Open as PDF
'Then after three years I went up to Jerusalem to see Peter,
and abode with him fifteen days.'
For three years after his conversion Paul was out of sight in Arabia. The Lord sent him there, as He sent Moses to Midian, to be trained for after work. It was an education time. He would, no doubt, visit Sinai (see 4: 25), and on the top of that hill get new thoughts about the Law. He would visit Elijah's cave, and think of the 'still, small voice' that was to work greater things than fire, or wind, or earthquake. No doubt, too, he received there teaching in the Gospel and the ordinances, for (1 Cor. 11:23) 'I received from the Lord,' parelabon apo tou Kurion. We see plainly the Lord looking forward to evils that would arise in His Church as to the Supper, and, therefore, re-instituting that ordinance with careful simplicity. 'This do,' and no more no appendageno preface. Was it in Elijah's cave? and there did Paul hear Jesus say, 'as often as ye eat this bread . . . ye do shew the Lord's death, till He come.'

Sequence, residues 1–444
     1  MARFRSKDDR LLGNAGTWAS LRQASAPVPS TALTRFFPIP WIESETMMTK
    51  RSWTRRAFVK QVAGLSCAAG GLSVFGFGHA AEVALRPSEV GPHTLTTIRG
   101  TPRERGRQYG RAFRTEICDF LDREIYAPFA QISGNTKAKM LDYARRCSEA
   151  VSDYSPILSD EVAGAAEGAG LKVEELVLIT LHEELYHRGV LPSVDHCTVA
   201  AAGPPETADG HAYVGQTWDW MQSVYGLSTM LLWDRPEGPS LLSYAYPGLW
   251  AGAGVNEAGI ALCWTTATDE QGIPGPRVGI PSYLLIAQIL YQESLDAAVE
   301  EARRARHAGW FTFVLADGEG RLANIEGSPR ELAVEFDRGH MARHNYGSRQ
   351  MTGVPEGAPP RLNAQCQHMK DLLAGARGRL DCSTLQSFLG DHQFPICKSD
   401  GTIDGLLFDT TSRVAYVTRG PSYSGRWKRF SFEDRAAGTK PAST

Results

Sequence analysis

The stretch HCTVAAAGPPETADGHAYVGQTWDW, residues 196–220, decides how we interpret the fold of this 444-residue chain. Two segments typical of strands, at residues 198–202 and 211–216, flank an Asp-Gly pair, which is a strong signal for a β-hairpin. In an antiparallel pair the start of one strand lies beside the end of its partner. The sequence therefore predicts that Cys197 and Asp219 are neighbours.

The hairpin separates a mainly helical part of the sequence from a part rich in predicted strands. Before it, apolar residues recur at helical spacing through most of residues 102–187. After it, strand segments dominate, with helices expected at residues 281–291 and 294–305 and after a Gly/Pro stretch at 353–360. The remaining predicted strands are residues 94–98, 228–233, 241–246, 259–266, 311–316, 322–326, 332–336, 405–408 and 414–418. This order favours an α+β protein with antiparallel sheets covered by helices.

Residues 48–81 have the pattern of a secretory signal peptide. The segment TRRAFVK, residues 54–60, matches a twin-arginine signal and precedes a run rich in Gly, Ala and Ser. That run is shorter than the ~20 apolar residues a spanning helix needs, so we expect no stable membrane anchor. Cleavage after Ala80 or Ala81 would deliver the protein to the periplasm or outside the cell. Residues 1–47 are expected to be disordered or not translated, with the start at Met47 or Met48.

But we are hastening to Jerusalem after these three years. When it was noised abroad among the disciples, 'Paul has come!' how great would be the interest. He goes to the upper room and worships, perhaps preaches, and then goes home with Peter. 'To see Peter' (historesias Kephan, v. 18) is to make acquaintance and ascertain by inquiry. What an interesting sight it must have beenPaul listening to Peter, and Peter listening to Paul. We may learn from this incident